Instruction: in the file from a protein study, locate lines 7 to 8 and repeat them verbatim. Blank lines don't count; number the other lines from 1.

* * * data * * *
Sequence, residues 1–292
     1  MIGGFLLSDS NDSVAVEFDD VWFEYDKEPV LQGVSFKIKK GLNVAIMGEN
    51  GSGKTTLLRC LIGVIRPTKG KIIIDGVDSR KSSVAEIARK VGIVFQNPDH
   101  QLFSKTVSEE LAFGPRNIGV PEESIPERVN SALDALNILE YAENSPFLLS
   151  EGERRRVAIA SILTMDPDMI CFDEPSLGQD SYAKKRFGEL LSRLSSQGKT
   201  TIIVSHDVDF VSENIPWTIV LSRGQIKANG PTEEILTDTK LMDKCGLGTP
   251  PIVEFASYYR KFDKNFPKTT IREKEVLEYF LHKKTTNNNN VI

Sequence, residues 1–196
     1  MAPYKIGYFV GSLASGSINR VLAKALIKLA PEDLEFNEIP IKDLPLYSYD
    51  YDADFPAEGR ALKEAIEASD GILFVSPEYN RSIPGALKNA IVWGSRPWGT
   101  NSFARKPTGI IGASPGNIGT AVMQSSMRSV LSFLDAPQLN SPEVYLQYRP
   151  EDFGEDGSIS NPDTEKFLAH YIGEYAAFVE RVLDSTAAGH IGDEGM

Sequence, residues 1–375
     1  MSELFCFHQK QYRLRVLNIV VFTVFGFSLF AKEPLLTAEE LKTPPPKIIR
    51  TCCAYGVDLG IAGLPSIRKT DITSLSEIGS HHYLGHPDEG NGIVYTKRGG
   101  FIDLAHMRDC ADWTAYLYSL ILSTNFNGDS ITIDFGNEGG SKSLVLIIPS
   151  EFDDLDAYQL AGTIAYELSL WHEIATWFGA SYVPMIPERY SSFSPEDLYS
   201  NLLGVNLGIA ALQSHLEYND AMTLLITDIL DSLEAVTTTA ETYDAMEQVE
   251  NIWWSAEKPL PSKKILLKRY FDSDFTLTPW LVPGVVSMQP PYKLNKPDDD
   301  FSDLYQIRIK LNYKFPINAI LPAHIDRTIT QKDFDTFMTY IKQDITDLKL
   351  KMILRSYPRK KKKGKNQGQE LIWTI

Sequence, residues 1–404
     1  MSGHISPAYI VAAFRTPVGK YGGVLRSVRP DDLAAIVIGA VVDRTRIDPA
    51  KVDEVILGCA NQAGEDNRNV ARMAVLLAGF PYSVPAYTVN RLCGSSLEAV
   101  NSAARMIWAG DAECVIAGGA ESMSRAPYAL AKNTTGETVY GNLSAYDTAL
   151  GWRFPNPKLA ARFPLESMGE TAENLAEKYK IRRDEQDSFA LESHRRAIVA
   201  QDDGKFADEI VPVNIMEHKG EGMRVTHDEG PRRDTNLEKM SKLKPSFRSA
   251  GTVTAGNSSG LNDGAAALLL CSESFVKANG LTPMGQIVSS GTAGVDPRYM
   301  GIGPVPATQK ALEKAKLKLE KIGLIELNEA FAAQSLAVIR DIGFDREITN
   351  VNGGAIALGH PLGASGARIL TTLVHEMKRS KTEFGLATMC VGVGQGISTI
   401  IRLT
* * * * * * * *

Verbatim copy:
   251  PIVEFASYYR KFDKNFPKTT IREKEVLEYF LHKKTTNNNN VI

Sequence, residues 1–196